Covering circuit court cases, as I did for a year early in my journalism career, provided hours of boring testimony, but also a steady stream of real and heart-tugging emotion.

Covering circuit court cases, as I did for a year early in my journalism career, provided hours of boring testimony, but also a steady stream of real and heart-tugging emotion.

I often found myself fascinated by the arguments of both sides, making it seem hard for a judge or jury to decide a case. I recall that virtually every time a criminal sentence was passed — from 30 days to 50 years — somebody would cry. It’s hard for a family member to hold back emotion when such life-changing words are heard.

It was also a time long before cameras were allowed or common in any courtrooms, as they are in many states now. And, as progress would have it, Illinois is slowly joining the places where audio and video recordings of trial courts — the level where people take the witness stand and sometimes heart-wrenching stuff gets said — thanks to a new policy announced in January by Illinois Chief Justice THOMAS KILBRIDE to allow pilot programs in courts across the state.

The court was unanimous in backing that decision, said  Justice RITA GARMAN of Danville, who has  been a judge since the 1970s and on the Supreme Court since 2001. She says her view of cameras in trial courts has changed over the years.

 “When I was a trial judge many years ago, I was very opposed to it,” Garman told me recently at the Supreme Court building in Springfield. “I was very fearful of grandstanding, that people would behave in a manner that was not appropriate.”

She also noted a traditional concern is that news organizations would broadcast just “sound bites” that present a “skewed view of the proceedings.”

“That hasn’t been a problem in other places,” she said.

She likes restrictions included in the Illinois rules, such as not allowing pictures of jurors or child victims. And technology has changed as well.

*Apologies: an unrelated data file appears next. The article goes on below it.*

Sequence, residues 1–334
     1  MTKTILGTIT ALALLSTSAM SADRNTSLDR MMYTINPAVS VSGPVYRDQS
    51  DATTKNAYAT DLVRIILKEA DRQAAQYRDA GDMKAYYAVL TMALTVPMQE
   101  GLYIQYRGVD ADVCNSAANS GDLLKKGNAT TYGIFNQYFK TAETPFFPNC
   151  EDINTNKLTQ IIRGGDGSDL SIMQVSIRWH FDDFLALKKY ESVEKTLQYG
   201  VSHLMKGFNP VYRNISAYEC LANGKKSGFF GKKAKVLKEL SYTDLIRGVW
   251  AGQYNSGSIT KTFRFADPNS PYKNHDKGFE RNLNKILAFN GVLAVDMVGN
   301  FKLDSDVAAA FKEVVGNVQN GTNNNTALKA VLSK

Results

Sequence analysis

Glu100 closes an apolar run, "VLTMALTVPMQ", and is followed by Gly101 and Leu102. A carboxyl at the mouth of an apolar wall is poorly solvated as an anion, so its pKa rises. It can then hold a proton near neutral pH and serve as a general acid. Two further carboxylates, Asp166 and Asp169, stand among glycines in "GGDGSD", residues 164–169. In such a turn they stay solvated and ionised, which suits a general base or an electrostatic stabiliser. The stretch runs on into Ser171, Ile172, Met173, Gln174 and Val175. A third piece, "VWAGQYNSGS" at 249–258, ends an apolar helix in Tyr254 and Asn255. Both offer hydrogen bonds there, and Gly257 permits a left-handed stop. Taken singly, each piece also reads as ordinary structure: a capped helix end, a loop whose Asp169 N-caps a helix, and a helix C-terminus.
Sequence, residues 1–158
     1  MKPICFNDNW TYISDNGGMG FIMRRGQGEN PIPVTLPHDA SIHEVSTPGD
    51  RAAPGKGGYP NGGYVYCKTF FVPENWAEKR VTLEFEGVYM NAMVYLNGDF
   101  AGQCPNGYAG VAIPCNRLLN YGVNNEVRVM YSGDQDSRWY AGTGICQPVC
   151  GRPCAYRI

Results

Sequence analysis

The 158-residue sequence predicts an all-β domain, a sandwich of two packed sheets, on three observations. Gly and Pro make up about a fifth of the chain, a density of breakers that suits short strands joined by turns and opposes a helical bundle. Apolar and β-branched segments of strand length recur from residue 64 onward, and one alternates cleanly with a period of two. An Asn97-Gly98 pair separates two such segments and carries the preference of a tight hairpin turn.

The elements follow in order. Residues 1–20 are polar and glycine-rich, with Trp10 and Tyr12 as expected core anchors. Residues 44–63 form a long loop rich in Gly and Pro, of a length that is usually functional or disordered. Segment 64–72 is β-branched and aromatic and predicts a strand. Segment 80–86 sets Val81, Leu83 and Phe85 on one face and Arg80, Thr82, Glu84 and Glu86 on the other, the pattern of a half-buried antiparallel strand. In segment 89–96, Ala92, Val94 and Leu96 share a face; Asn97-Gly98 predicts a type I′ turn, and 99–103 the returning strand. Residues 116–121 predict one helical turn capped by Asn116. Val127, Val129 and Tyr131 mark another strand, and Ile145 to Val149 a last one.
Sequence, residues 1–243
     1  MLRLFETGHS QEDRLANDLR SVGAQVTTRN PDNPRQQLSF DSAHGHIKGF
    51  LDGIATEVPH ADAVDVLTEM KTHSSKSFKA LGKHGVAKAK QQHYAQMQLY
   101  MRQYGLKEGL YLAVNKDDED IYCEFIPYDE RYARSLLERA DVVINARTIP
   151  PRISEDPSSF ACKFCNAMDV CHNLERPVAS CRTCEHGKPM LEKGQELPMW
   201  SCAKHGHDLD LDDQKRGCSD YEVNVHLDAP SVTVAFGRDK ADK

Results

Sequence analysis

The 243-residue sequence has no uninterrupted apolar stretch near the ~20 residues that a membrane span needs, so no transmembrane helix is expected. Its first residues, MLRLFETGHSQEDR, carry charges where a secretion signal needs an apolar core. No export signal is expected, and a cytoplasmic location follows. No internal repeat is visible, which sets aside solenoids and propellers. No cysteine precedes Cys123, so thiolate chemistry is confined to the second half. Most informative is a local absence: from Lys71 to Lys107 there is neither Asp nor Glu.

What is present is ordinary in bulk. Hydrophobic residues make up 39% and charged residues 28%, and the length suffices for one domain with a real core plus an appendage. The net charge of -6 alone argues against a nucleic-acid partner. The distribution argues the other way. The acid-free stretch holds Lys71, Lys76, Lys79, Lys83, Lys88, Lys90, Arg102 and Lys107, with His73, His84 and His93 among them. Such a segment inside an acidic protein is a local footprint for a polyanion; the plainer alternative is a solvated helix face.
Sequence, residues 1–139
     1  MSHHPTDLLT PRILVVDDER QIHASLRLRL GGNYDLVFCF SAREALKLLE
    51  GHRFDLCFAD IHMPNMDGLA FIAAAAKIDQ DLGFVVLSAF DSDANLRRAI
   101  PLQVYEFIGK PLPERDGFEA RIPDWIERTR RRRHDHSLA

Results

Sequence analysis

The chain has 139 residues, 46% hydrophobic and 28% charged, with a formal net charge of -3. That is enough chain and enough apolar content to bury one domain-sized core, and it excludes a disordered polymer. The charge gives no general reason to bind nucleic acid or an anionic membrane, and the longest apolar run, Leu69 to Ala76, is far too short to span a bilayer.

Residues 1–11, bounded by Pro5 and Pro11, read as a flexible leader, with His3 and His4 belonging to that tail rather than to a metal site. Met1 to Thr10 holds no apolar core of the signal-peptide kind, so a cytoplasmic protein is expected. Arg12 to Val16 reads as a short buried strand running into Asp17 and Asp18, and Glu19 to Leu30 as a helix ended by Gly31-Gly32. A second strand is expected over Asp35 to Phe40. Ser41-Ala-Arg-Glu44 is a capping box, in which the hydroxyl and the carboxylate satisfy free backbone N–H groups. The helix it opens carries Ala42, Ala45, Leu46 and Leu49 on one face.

“Today’s cameras can be so unobtrusive that parties don’t even realize that they’re there,” Garman said.

“I think the positive is that it adds to transparency in the court system. Most people, frankly, never have the chance or the obligation to come to court, other than maybe as a juror or (with) a traffic ticket. And I think it’s an opportunity to see how our courts work, and that there are hardworking people involved in these proceedings, and that there are fair trials. … So I think it can be a wonderful educational experience.”

Circuits have to ask the state’s high court to participate in a pilot, and so far, the 7th Judicial Circuit, with six counties including Sangamon, hasn’t leapt forward.

“We have made a decision as of right now not to participate in the initial pilot program,” said 7th Circuit Chief Judge RICHARD MITCHELL, based in Morgan County. He said some of the courthouses in the circuit — which also includes Scott, Greene, Jersey and Macoupin counties — are small and are “not really set up to do much in the way of coverage.” He’d like to see problems, such as how to deal with the restrictions, worked out in pilot areas first.

Still, Mitchell said, “I think probably within a year or two, they’ll be allowable in all the courts.”